Lecture on Nietzsche's relativism and perspectivism given at a conference on the 'crisis of reason' in Amersfoort, the Netherlands, October 26, 1991. Nietzsche claims that truth does not exist and knowledge is not possible, because knowledge serves life and is bound to an organic position. In fact, this is a paradox that refutes itself. Knowledge has evolved precisely because organisms must have limited, perspectivistic knowledge of their environment from a subjective point of view. In science, subjectivity can even be transcended (...)
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  47. Review of Alston, W. P. A Realist Conception of Truth. [REVIEW]Celso Reni Braida - 1997 - Principia: An International Journal of Epistemology 1 (2):305-311.
    Review of Alston, W. P. A Realist Conception of Truth.
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  48. Talking with Vultures.Filippo Ferrari & Crispin Wright - 2017 - Mind 126 (503):911-936.
    Relativism and Monadic Truth, by CappelenHerman and HawthorneJohn. Oxford: Oxford University Press, 2009. Pp. vii + 170.
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  49. On How Verification Tasks Are Related to Verification Procedures: A Reply to Kotek Et Al.Tim Hunter, Jeffrey Lidz, Darko Odic & Alexis Wellwood - 2017 - Natural Language Semantics 25 (2):91-107.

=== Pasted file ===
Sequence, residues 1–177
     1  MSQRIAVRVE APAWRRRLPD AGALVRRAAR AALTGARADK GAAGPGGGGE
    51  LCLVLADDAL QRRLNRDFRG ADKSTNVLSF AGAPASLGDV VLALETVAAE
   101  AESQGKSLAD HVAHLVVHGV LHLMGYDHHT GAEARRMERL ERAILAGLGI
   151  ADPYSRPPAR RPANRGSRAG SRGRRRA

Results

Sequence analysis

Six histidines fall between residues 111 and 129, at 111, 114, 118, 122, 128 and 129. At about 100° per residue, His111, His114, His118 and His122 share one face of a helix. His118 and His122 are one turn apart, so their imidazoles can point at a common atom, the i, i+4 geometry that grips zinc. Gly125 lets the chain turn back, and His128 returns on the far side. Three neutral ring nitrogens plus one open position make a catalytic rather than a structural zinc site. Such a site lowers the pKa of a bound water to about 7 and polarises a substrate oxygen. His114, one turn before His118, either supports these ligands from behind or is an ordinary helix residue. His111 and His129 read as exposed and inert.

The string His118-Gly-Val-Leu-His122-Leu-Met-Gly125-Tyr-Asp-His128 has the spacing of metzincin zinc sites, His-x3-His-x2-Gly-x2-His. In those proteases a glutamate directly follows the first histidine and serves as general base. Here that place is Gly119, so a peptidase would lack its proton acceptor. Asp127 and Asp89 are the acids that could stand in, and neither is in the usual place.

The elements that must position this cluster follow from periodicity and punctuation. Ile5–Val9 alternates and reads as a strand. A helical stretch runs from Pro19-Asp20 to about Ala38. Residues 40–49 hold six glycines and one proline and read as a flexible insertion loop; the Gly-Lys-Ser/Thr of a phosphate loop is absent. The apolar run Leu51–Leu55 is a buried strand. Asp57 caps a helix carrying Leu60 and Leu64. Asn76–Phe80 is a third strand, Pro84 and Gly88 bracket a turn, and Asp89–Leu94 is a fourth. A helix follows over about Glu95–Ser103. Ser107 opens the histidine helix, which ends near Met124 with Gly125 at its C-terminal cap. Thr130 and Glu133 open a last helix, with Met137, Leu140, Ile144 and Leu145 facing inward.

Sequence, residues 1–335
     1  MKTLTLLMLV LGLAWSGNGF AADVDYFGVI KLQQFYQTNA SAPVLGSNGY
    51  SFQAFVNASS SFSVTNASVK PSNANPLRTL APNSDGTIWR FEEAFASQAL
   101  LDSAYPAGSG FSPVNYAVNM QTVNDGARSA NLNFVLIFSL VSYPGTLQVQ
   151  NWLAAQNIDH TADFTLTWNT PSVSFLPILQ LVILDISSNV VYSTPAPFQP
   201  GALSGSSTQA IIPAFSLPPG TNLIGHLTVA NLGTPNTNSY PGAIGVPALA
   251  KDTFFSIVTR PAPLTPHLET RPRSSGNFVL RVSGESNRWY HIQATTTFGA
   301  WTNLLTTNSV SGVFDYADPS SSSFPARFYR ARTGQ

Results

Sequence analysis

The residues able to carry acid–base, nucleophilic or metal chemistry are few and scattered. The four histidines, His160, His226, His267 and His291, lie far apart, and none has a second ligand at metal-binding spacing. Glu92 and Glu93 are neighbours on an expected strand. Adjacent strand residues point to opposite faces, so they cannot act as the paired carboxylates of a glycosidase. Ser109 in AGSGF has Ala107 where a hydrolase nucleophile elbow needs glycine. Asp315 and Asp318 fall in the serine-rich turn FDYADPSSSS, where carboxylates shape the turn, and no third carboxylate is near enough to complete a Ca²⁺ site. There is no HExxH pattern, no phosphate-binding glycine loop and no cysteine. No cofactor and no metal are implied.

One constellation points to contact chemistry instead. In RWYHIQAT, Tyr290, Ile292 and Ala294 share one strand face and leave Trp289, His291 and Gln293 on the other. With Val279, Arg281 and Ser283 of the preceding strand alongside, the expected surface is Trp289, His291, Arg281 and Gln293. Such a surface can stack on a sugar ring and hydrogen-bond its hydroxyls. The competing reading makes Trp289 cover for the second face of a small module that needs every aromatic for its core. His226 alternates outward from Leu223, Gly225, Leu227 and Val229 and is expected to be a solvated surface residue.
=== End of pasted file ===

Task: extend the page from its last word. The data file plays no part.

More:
Kotek et al. argue on the basis of novel experimental evidence that sentences like ‘Most of the dots are blue’ are ambiguous, i.e. have two distinct truth conditions. Kotek et al. furthermore suggest that when their results are taken together with those of earlier work by Lidz et al., the overall picture that emerges casts doubt on the conclusions that Lidz et al. drew from their earlier results. We disagree with this characterization of the relationship between the two studies. Our (...)
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  50. Report on Analysis Problem No. 3: "Does the Logical Truth Entail That at Least One Individual Exists?".Max Black, Arnold Kapp & Neil Cooper - 1953 - Analysis 14 (1):1.